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4.1. Obtaining and compiling the source

There are several versions of glibc available, but not in all cases are new versions really better than the old ones. The best thing you can do to find out which works and which ones you should not use is to check out the different forums on the Internet. If you have someone to ask, talk to him about the topic. Maybe he already has installed the new version and might be able to tell you that version x.y.z is a PITA, but version a.b.c works really well!

I decided to install glibc-2.2.4, as I was told it works well, but it is your decision which one to choose.

Ok, now let's go to work:

  1. Get the source from ftp.gnu.org/gnu/glibc/; as I said, I used version 2.2.4.

  2. Unpack the source:

    tar -xzvf glibc-2.2.4.tar.gz
    
  3. In addition, you will need a package called "linuxthreads," found in the linuxthreads directory on ftp.gnu.org. The file is called:

    glibc-linuxthreads-2.2.4.tar.gz
    
    Make sure you get the version that corresponds to your glibc source tree.
  4. Copy the linuxthreads package to your glibc source directory:

    cp glibc-linuxthreads-2.2.4.tar.gz glibc-2.2.4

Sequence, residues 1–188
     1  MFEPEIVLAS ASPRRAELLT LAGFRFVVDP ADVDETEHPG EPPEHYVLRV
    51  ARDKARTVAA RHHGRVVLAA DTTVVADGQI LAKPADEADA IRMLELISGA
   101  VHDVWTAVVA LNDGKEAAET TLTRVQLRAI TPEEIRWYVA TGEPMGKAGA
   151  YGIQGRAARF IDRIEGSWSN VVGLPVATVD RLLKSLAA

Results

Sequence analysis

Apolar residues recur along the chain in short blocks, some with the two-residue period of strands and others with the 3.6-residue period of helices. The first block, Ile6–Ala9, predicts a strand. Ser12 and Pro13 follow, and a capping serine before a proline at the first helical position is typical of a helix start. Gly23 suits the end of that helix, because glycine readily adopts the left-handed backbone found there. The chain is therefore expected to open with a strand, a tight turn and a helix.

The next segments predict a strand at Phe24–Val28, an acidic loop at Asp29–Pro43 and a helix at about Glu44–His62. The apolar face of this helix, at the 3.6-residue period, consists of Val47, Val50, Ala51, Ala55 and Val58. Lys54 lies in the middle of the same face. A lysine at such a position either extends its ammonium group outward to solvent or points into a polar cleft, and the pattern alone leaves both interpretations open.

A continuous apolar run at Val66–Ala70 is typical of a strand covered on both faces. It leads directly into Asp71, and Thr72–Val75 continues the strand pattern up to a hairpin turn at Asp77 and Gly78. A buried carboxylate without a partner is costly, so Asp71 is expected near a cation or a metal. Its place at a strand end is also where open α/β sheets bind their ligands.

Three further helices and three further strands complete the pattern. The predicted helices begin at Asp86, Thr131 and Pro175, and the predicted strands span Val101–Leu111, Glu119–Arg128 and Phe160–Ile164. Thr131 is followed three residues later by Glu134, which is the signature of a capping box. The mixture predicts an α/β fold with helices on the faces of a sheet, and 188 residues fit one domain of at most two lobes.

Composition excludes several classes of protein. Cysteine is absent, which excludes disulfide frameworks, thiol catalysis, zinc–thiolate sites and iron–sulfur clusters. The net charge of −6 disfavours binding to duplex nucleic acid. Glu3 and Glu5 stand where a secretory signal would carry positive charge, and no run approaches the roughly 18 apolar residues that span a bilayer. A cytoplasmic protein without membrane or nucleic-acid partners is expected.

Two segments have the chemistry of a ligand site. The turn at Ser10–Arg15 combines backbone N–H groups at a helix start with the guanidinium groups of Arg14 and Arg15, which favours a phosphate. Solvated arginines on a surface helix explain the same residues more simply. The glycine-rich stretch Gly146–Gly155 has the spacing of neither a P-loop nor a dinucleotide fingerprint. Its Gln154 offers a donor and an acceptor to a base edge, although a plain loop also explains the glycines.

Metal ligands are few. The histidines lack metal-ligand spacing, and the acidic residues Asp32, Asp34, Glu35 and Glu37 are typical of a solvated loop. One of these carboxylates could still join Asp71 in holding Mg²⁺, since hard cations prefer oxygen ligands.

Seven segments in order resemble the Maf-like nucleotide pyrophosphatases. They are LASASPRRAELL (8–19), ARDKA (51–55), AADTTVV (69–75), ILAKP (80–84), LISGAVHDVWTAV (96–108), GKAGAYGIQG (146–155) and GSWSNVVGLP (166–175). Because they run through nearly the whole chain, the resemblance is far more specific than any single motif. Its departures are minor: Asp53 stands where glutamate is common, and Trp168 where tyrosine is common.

5. Change to the glibc directory:

    cd glibc-2.2.4
    
  6. Unpack linuxthreads:

    tar xzvf linux-threads-2.2.4.tar.gz
    
  7. Configure the package:

    ./configure --enable-add-ons=linuxthreads
    
    This will configure the package in such a way that the linuxthreads are included in the compile; this is necessary for compliance with other Linux systems. For example, programs you compile will probably not run on another machine if you forget to include this package.
  8. Afterwards, start the compilation of glibc:

    make
    
    This may take some time (about half an hour on my Duron XP, running with 1.5 GHz).

Now that the library is compiled, everything is ready for the installation, but things are not as easy this time.